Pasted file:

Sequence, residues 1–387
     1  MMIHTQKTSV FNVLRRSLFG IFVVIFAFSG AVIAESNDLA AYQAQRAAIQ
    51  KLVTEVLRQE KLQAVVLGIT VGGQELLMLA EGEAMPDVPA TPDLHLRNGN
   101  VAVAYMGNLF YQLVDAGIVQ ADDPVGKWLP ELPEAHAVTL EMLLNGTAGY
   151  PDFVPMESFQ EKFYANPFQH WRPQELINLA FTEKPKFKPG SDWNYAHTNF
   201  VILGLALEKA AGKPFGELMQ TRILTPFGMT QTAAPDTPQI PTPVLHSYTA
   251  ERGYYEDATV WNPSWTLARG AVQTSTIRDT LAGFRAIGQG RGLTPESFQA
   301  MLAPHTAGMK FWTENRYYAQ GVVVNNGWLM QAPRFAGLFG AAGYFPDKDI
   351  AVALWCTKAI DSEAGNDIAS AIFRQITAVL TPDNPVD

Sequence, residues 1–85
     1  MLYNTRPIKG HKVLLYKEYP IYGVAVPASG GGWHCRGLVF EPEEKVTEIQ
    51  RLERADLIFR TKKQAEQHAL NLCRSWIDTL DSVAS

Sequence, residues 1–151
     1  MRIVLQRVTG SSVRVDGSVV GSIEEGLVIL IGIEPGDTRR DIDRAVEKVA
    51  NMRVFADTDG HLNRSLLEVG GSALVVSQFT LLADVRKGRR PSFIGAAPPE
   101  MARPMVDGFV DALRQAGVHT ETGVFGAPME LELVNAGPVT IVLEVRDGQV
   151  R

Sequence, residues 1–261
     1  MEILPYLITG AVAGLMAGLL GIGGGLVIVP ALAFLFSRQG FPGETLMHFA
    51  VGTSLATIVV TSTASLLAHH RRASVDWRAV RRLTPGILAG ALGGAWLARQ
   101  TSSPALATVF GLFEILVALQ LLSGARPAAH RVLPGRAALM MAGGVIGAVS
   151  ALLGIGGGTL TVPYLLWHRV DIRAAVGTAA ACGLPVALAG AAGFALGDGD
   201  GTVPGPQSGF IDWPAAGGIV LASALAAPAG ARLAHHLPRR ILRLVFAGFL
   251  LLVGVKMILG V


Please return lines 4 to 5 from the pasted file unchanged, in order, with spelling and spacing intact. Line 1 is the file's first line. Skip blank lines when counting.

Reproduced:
   101  VAVAYMGNLF YQLVDAGIVQ ADDPVGKWLP ELPEAHAVTL EMLLNGTAGY
   151  PDFVPMESFQ EKFYANPFQH WRPQELINLA FTEKPKFKPG SDWNYAHTNF